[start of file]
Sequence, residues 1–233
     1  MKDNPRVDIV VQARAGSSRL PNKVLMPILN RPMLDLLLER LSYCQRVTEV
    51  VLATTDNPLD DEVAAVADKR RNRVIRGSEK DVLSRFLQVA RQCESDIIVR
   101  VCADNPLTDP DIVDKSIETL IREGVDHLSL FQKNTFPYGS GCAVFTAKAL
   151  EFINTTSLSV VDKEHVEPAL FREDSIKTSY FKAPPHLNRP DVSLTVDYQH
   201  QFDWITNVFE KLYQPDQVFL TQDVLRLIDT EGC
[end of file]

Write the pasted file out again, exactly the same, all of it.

Sequence, residues 1–233
     1  MKDNPRVDIV VQARAGSSRL PNKVLMPILN RPMLDLLLER LSYCQRVTEV
    51  VLATTDNPLD DEVAAVADKR RNRVIRGSEK DVLSRFLQVA RQCESDIIVR
   101  VCADNPLTDP DIVDKSIETL IREGVDHLSL FQKNTFPYGS GCAVFTAKAL
   151  EFINTTSLSV VDKEHVEPAL FREDSIKTSY FKAPPHLNRP DVSLTVDYQH
   201  QFDWITNVFE KLYQPDQVFL TQDVLRLIDT EGC